On 10 December 2014, Republican U.S. Representative for Michigan's 3rd congressional district member of Congress Justin Amash criticized the act on his Facebook as being "one of the most egregious sections of law I've encountered during my time as a representative" and "It grants the executive branch virtually unlimited access to the communications of every American".
USA Freedom Act
The USA Freedom Act was signed into law on June 2, 2015, the day after certain provisions of the Patriot Act had expired. It mandated an end to bulk collection of phone call metadata by the NSA within 180 days, but allowed continued mandatory retention of metadata by phone companies with access by the government with case-by-case approval from the Foreign Intelligence Surveillance Court.
Modalities, concepts, and methods
Logging postal mail
Under the Mail Isolation Control and Tracking program, the U.S. Postal Service photographs the exterior of every piece of paper mail that is processed in the United States — about 160 billion pieces in 2012. The U.S. Postmaster General stated that the system is primarily used for mail sorting, but the images are available for possible use by law enforcement agencies. Created in 2001 following the anthrax attacks that killed five people, it is a sweeping expansion of a 100-year-old program called "mail cover" which targets people suspected of crimes. Together, the two programs show that postal mail is subject to the same kind of scrutiny that the National Security Agency gives to telephone calls, e-mail, and other forms of electronic communication.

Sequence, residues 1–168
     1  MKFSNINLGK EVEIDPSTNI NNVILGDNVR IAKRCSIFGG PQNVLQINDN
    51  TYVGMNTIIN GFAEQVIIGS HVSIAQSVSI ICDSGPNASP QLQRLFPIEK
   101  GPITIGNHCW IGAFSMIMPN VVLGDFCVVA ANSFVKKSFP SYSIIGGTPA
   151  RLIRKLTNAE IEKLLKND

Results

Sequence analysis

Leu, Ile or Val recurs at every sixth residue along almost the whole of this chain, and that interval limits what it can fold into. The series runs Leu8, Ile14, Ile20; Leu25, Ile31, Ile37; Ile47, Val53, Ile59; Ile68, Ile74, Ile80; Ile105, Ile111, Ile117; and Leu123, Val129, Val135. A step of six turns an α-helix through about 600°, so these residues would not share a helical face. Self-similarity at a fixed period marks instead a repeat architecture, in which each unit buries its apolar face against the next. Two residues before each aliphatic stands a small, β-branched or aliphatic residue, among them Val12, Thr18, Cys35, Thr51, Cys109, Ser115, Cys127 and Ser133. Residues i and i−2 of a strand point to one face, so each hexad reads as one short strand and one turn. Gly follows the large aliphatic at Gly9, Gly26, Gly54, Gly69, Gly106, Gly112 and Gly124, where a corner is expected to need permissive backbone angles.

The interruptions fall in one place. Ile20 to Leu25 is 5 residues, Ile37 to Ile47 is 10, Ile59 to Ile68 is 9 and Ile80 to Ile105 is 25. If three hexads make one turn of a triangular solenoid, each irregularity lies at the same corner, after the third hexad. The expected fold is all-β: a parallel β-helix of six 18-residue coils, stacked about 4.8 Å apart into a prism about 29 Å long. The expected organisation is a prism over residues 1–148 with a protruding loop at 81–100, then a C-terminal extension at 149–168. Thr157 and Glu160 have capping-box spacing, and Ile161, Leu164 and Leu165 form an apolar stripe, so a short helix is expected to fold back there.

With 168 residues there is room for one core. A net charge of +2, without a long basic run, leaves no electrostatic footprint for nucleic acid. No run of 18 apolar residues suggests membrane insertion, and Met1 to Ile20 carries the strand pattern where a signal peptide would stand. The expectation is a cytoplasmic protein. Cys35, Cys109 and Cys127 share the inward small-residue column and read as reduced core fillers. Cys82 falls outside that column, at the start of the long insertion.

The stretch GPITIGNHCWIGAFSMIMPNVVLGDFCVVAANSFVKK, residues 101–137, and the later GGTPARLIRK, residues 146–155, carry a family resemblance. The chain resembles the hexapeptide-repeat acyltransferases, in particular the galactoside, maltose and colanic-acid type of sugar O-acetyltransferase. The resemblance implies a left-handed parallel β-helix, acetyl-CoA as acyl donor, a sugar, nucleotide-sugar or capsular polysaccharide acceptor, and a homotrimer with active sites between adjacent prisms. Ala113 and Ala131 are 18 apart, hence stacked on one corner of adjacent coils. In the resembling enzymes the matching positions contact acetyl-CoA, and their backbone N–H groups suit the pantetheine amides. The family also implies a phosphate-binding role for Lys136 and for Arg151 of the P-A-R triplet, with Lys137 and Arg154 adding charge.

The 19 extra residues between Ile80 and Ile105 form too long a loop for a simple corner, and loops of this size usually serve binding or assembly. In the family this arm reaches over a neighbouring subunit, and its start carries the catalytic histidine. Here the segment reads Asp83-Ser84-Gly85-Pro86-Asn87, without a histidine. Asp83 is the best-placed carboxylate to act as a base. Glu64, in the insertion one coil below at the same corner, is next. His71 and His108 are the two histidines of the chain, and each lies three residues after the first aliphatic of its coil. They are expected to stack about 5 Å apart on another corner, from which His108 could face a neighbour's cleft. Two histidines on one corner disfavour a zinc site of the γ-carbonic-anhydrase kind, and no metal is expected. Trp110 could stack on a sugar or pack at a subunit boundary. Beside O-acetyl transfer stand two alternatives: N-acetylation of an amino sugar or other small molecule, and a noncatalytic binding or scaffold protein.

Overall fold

Mail cover surveillance requests are granted for about 30 days, and can be extended for up to 120 days. Images captured under the Mail Isolation Control and Tracking program are retained for a week to 30 days and then destroyed. There are two kinds of mail covers: those related to criminal activity and those requested to protect national security. Criminal activity requests average 15,000 to 20,000 per year, while the number of requests for national security mail covers has not been made public. Neither the Mail Isolation Control and Tracking program nor the mail cover program require prior approval by a judge. For both programs the information gathered is metadata from the outside of the envelope or package for which courts have said there is no expectation of privacy. Opening the mail to view its contents would require a warrant approved by a judge.
Billions of dollars per year are spent, by agencies such as the Information Awareness Office, National Security Agency, and the Federal Bureau of Investigation, to develop, purchase, implement, and operate systems such as Carnivore, ECHELON, and NarusInsight to intercept and analyze the immense amount of data that traverses the Internet and telephone system every day.
The Total Information Awareness program, of the Information Awareness Office, was formed in 2002 by the Pentagon and led by former rear admiral John Poindexter. The program designed numerous technologies to be used to perform mass surveillance. Examples include advanced speech-to-text programs (so that phone conversations can be monitored en-masse by a computer, instead of requiring human operators to listen to them), social network analysis software to monitor groups of people and their interactions with each other, and "Human identification at a distance" software which allows computers to identify people on surveillance cameras by their facial features and gait (the way they walk). The program was later renamed "Terrorism Information Awareness", after a negative public reaction.